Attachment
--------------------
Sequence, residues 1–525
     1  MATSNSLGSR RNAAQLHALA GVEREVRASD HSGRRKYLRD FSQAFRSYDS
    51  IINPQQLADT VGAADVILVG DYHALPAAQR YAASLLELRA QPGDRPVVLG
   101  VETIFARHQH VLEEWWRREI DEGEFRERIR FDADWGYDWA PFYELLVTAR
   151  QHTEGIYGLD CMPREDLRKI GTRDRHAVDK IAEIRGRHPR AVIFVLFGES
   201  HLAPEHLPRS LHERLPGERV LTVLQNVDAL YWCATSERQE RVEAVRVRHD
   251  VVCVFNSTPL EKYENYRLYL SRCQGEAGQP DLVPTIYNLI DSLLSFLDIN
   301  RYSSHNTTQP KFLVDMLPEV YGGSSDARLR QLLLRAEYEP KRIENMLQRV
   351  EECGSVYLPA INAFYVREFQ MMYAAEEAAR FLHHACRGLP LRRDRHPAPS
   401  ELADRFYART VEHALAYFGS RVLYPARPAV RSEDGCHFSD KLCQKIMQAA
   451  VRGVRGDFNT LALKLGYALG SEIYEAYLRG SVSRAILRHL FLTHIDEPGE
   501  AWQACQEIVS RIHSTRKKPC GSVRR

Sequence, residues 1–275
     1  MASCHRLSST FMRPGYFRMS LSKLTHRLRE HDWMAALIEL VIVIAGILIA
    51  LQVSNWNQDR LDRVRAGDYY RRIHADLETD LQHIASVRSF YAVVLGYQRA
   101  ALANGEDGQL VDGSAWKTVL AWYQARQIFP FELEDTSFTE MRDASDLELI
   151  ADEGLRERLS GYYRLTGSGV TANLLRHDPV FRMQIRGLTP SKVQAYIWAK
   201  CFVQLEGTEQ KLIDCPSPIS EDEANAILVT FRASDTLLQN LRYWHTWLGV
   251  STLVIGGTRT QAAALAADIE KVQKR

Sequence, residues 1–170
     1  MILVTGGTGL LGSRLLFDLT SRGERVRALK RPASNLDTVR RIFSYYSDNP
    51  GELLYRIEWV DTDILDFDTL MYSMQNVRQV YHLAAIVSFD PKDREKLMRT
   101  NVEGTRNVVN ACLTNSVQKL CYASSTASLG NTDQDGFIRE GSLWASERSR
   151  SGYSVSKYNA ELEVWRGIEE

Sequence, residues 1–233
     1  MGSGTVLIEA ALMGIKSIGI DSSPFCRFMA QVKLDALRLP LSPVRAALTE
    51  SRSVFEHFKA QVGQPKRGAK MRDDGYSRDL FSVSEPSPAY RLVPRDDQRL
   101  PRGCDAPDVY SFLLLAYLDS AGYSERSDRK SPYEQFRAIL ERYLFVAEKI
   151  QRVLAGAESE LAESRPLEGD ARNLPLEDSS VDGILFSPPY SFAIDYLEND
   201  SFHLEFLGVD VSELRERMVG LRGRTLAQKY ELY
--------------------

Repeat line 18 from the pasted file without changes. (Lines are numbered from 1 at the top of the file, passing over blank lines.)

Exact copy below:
   201  CFVQLEGTEQ KLIDCPSPIS EDEANAILVT FRASDTLLQN LRYWHTWLGV